Tuesday, July 19, 2011


It looked like an easy drive from Astoria to Troutdale, our destination-du-jour, just east of the city of Portland. Alas, it turned out to be one of the most frustrating drives of the journey. Partly my fault - I chose the "quicker" route cutting straight through the hills instead of the meandering road following the Columbia River. This decision got us off on the wrong foot by routing us south through Seaside, and imparting upon us our first delay from stop'n'go traffic through this busy little town. Once on highway 26 we were out of traffic but into the hills. I've certainly driven through worse, but what made this frustrating was that it was unnecessary. In retrospect I would rather have wound along a twisting riverside road than subject the truck and transmission to the hills. Oh well. But the real treat was the re-freaking-diculous traffic jam in Portland. We timed the trip to arrive well before standard city afternoon rush hour, getting there at around 3:00. Nope. In Portland route 26 eastbound is apparently always a transit nightmare. We proceeded at a walking pace, while I provided commentary in the form of an increasingly colorful stream of obscenities, taking about an hour to cover nine miles. ANYWAY...we finally escaped the grip of the traffic and made it to Troutdale only to find our GPS conflicting with signage. We opted to follow the signage, but missed a turn and ended up taking an unscheduled tour of the suburbs under tow before finally pulling into the campground. A couple of stiff cocktails were required to unwind from the day.

Nice enough place, the Sandy Riverfront RV Park: well manicured, quiet and reasonably priced. The level pull-through site was a blessing at the end of a miserable drive. The Sandy river flows along the campground, and the cute little Main Street section of Troutdale was just a short stroll away.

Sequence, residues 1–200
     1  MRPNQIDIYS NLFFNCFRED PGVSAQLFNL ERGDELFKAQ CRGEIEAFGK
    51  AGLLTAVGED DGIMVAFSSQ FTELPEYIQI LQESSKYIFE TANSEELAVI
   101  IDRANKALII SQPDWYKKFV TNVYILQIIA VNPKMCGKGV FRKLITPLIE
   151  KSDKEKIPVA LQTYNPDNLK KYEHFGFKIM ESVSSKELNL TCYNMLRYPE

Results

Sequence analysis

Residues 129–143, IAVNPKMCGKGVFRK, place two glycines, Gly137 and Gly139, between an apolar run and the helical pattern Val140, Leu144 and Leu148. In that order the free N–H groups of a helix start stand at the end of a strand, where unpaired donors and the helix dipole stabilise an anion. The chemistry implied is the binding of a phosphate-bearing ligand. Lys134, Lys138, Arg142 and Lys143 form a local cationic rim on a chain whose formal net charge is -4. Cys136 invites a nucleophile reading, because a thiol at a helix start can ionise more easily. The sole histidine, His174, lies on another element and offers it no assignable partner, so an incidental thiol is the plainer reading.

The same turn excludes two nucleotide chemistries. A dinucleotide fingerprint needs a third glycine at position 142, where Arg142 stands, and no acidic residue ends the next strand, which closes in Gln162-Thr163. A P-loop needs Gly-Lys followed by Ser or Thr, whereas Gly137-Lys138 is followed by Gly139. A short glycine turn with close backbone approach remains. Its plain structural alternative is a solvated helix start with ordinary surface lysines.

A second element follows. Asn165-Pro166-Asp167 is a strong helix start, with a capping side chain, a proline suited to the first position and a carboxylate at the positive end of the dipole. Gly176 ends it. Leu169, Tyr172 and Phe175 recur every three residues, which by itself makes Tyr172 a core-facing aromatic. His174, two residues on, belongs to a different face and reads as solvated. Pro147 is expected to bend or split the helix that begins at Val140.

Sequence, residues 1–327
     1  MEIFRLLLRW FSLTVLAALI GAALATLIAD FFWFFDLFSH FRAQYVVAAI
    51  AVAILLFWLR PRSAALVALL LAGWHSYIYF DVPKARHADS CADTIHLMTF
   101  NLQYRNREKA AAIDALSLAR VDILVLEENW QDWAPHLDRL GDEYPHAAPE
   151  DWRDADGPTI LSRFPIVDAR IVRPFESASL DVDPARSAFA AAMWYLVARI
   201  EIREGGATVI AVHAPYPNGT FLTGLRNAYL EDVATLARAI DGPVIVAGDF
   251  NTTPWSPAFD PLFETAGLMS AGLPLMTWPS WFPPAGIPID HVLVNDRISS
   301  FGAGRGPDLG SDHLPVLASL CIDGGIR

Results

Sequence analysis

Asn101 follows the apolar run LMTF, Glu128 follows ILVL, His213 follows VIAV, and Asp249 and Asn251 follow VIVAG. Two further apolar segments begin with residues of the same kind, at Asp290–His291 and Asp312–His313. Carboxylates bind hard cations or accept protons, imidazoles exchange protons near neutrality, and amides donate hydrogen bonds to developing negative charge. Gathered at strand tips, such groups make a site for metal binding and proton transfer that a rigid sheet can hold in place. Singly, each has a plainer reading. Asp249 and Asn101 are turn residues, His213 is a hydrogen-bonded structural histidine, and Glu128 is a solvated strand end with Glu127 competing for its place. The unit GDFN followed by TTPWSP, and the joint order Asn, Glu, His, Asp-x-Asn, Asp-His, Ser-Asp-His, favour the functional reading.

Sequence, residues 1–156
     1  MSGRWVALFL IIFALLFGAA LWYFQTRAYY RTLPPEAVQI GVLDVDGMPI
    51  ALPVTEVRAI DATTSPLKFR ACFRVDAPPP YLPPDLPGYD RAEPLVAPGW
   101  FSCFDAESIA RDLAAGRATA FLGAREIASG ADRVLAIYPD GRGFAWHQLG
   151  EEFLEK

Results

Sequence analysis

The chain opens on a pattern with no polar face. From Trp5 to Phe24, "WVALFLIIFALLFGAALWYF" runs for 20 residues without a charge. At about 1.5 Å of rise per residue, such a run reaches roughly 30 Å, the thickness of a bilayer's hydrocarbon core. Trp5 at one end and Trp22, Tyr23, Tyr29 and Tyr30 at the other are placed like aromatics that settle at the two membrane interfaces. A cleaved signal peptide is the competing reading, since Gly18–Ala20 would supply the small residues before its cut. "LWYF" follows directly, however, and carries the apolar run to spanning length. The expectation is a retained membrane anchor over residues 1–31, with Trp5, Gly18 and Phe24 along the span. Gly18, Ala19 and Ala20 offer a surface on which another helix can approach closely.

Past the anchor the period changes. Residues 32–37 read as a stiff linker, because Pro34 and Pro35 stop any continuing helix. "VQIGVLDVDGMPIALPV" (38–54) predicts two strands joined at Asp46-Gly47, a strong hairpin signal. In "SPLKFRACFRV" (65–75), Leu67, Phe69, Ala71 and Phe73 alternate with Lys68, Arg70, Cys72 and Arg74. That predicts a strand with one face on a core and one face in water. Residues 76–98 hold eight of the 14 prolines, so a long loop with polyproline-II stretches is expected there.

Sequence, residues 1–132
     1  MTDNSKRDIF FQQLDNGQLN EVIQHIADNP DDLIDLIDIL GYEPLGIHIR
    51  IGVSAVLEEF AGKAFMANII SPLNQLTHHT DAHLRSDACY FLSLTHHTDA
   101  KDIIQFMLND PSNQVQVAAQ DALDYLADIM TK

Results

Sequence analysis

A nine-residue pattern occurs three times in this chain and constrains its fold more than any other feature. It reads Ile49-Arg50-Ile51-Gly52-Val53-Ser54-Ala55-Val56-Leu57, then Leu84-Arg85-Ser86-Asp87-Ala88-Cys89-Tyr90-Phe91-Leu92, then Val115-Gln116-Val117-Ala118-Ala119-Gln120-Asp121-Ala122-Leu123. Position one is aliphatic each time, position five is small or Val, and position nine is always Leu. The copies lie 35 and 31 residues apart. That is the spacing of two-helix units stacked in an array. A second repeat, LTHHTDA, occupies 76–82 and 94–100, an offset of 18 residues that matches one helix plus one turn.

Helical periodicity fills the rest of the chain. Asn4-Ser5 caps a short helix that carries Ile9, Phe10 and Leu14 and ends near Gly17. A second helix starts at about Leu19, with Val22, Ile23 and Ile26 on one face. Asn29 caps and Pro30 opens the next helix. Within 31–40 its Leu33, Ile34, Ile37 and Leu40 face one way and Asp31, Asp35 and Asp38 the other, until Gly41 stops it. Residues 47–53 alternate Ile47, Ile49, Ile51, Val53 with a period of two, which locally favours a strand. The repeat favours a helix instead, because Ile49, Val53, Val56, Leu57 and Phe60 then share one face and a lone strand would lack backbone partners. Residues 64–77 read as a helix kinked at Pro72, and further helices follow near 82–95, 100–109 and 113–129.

We had a real mixed bag of weather while in Troutdale. The forecast was of no use as the bands of rain were rolling through interspersed with sunny interludes. We took a ride out along the Columbia River Gorge to Hood River, where people come from all over the world for windsurfing and kiteboarding. The spectacle of kites and sails was a sight to behold:

We spent quite a while watching the kite boarders getting set up, launching, skidding over the water, jumping, and landing. It was nice to see such a diverse group of people partaking in the sport: although all were fit folks, and many were ripped twenty-somethings, there were also many middle aged people of both genders, not all of whom were sporting sculpted abs, if you know what I mean. So, it was fun seeing all of these Charlie Browners freeriding, stomping their pops, enjoying a stiff enough breeze to keep them from tea-bagging...

Speaking of tea...and of tea roses, we went into Portland to Washington park, where we enjoyed the International Rose Test Garden:

And also the excellent Japanese Garden:

I had also read about a mountain bike trail system that was in range: the Sandy Ridge Trail system. I drove over one morning and subjected myself to the 3.5 mile climb up a paved road in order to enjoy my new favorite trail, the Hide and Seek trail:

What made this trail so good was its flow, designed specifically for mountain biking, taking full advantage of terrain to create a 3.5 mile route that can be ridden without pedaling or braking (once you get to know it). Even on my first time out it was a blast, packed with rollers, tabletop jumps and banked turns. The magazine article I'd found this in described it well as "pumpy and jumpy". I'll go back to this one before I leave this area.

Mount Hood was visible from the trail, through a break in trees:

I'll remain in the Portland area for the next week while Nancy is back home tending to her business. Hopefully I can finally get through the week without having to deal with dog issue and veterinarians! If so, it will be the first time that she has been away without some kind of dogastrophy!

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